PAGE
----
Project Director: Richard Stup (
Cornell University
Award Amount: $75,000

Communication can be a huge barrier to success on almost all farms. We have surveyed many farm employees and one of their main desires is to learn to communicate effectively in the English language. This project would provide Spanish-speaking employees a guided instruction for lower-literacy learners in the basic skills of English plus a new appreciation of their farm through a hands-on mentorship between employee and owner. We believe that through mentorship, a partnership between an English-speaking employee and the Spanish-speaking employee, we can try to cultivate a relationship that will last beyond this course. The risk management education subject topics for this project would be learning how to manage more effectively by learning agriculturally based English catered specifically to their farm. The methods we will use to deliver this instruction is through Cornell-on-demand, pre-recorded videos that will be showcased through the Moodle app. We will also require one day of mentorship; daily homework assignments (Monday-Thursday) and an in-person Zoom conference call (Fridays) to finalize the teaching week. Our audience is specific to lower-literacy adults that speak Spanish and work in agriculture, primarily within the state of New York but not exclusive to New York residents.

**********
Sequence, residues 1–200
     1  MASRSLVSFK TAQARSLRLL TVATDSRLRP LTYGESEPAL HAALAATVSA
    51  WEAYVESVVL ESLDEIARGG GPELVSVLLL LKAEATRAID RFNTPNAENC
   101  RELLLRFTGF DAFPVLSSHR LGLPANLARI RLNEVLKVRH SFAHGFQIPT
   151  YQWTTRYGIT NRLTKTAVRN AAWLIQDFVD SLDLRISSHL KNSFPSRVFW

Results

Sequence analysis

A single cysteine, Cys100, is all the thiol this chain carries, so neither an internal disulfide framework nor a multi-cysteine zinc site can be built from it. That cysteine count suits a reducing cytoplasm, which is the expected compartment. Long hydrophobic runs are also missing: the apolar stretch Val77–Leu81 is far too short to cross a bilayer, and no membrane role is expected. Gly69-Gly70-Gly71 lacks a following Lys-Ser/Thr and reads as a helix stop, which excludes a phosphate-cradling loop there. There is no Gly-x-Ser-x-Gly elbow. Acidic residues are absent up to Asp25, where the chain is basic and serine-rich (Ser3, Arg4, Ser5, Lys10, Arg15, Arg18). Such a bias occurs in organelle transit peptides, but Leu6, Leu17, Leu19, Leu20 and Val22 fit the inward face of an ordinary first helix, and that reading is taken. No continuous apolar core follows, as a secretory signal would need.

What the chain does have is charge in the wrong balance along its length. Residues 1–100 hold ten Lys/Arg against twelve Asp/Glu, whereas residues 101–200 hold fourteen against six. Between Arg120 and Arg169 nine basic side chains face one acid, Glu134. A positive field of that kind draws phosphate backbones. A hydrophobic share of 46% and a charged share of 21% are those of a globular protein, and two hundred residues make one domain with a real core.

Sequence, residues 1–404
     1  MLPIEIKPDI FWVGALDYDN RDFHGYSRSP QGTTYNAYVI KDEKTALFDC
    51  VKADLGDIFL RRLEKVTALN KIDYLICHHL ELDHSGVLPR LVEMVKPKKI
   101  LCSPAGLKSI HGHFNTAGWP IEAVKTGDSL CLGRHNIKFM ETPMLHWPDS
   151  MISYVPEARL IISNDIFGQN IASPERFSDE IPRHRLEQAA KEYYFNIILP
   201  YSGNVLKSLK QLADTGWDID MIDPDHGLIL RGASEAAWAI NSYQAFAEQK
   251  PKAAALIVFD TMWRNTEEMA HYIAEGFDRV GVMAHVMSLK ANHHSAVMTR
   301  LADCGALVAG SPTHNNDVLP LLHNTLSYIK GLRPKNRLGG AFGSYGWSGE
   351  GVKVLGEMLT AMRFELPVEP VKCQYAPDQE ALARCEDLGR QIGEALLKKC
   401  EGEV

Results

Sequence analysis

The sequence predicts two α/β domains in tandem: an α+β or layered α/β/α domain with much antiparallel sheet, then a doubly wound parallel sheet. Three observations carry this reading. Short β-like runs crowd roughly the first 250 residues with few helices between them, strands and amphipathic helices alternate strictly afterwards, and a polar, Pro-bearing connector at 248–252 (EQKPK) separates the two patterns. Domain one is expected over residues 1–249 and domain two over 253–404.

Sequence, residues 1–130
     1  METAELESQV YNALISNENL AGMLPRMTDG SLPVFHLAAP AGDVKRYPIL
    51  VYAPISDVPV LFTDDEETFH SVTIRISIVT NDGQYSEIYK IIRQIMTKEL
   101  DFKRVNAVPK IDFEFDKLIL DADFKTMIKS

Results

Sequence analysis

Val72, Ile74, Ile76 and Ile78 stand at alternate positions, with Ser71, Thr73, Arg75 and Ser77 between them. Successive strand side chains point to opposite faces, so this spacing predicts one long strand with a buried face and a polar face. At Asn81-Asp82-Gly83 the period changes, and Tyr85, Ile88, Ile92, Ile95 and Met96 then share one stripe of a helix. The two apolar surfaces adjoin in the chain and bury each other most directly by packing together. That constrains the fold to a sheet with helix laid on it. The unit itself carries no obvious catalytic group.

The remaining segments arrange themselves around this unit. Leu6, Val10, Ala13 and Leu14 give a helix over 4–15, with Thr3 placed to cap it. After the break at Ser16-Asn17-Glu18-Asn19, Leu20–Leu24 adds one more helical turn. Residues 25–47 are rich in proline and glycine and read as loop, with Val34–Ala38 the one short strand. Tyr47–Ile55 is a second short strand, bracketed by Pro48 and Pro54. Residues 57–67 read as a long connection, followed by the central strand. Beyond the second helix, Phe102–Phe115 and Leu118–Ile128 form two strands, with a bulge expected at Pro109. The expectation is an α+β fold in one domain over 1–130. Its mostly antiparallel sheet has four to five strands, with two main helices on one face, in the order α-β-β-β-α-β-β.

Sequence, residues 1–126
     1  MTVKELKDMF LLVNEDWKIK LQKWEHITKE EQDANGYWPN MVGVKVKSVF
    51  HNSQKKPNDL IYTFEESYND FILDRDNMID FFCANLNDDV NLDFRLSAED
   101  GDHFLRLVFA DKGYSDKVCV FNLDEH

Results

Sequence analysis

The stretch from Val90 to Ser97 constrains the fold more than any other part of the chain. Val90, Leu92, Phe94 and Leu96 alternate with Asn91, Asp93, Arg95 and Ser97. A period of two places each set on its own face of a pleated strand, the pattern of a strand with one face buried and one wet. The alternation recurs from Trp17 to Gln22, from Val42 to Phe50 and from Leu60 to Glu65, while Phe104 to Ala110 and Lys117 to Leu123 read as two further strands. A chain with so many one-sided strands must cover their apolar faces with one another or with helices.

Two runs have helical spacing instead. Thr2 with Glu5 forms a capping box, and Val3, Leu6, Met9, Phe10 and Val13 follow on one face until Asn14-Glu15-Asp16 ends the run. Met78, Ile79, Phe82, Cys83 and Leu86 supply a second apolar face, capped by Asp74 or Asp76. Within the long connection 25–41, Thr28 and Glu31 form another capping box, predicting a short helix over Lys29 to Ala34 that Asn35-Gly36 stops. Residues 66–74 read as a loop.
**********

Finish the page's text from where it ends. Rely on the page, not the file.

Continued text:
Unraveling Risk in Farm-provided Employee Housing
Project Director: Richard Stup (
Cornell University
Award Amount: $75,000